Makes about 24 donuts.
The Jewish holiday of Hanukkah commemorates the successful Jewish revolt against the provincial Greek government of Judea during the time of the Second Temple (between 530 BCE and 70 CE, if you’re curious). Led by the Maccabees, the Jews reclaimed the desecrated temple, but they found only one day’s worth of purified oil to light the menorah, which was required to burn continuously. Miraculously, the oil lasted for eight days, enough time for a fresh supply to arrive.
During the eight days of Hanukkah, we celebrate that miracle by eating foods fried in oil, rivaling Halloween for best gratuitous reason to eat junk food—holiday division. Latkes steal most of the Hanukkah spotlight, but sufganiyot—yeast-raised, jelly-filled donuts—are ever popular. Throughout Israel, bakeries turn into donut factories, producing tray after tray of plump, light, and golden brown beauties. We’ve found that eggy challah dough, enriched with butter and sugar, makes a great donut batter that’s easy to work with. Instead of rolling out the dough and punching out rings as with traditional yeast donuts, we use an ice cream scoop to form and dispense the sufganiyot into the oil.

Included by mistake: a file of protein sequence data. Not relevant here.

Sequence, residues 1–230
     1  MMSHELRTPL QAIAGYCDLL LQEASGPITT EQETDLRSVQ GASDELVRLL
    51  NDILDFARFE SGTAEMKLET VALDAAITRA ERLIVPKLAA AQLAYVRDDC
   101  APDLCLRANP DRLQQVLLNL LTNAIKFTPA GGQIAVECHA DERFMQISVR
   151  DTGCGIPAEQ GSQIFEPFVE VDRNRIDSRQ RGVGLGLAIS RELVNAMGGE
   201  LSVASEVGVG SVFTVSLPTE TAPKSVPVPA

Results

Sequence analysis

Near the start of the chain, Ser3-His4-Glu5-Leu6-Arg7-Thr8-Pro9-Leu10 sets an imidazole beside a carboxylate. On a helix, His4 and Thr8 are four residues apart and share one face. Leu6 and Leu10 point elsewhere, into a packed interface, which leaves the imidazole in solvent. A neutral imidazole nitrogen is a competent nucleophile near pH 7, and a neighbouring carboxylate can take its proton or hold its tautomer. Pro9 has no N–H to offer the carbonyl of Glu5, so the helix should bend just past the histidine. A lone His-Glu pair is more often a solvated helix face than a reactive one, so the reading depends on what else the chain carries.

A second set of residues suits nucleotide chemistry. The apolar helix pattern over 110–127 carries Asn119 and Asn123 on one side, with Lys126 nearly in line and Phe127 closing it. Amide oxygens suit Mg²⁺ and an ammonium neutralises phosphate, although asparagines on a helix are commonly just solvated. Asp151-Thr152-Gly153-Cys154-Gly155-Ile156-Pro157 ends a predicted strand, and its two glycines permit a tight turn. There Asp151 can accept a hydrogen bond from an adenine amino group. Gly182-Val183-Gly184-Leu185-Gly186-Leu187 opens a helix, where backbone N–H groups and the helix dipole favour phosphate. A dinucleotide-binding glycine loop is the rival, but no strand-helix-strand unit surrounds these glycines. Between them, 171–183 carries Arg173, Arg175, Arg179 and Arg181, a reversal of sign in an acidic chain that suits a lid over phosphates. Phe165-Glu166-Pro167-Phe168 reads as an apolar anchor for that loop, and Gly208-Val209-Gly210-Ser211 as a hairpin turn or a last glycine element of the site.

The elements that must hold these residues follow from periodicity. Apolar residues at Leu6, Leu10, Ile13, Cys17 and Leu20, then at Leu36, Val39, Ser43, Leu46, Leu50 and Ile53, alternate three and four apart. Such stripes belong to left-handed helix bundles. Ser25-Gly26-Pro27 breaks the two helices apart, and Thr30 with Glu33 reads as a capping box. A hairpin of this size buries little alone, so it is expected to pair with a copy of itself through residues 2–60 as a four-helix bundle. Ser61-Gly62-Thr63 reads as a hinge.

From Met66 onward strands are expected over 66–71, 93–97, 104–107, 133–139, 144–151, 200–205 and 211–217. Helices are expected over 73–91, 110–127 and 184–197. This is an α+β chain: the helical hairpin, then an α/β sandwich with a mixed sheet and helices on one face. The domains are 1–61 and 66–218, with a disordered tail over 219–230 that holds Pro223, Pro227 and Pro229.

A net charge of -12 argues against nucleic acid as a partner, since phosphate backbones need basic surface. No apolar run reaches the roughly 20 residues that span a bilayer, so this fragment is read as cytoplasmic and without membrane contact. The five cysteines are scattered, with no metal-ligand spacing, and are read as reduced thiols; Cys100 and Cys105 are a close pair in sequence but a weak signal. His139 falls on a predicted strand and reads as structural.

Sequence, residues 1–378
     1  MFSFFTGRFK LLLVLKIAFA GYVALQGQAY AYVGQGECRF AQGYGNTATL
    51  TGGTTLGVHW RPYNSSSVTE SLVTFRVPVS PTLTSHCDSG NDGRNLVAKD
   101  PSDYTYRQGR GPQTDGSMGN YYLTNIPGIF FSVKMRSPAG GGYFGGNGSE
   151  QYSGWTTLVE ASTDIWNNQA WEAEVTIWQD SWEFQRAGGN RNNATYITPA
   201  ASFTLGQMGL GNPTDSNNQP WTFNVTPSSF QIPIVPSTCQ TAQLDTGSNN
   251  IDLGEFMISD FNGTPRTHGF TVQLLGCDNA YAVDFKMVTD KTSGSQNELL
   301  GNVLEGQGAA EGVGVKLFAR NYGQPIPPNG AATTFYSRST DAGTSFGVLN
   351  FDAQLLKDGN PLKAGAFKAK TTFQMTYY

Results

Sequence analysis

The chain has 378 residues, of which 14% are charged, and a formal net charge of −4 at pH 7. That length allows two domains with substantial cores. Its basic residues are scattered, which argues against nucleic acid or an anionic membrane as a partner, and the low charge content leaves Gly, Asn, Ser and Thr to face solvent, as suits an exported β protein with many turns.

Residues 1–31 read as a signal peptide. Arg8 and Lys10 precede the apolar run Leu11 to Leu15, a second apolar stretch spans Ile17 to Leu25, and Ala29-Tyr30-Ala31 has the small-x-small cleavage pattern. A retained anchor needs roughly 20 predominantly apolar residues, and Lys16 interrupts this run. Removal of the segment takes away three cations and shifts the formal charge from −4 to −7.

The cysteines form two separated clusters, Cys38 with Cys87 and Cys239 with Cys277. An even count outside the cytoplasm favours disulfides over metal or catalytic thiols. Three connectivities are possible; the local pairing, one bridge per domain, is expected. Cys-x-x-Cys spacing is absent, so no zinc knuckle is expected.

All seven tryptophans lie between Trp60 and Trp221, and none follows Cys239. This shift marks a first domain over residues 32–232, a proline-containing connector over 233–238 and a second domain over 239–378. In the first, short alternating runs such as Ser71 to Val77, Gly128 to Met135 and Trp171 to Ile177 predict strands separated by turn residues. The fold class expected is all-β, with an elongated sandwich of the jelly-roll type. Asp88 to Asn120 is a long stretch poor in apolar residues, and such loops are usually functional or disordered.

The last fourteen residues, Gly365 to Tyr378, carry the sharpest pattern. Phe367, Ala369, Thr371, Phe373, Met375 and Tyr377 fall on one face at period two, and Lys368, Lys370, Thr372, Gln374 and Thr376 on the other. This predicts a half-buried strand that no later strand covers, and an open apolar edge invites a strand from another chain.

We love the exotic and festive combination of quince jam and rose petal sugar, but feel free to substitute any jam and sugar combination. May we suggest our Federal Donuts cookbook for inspiration?
If you want to save time, here's an idea how to fill jelly donuts with a super easy method: One Step Jelly Donuts.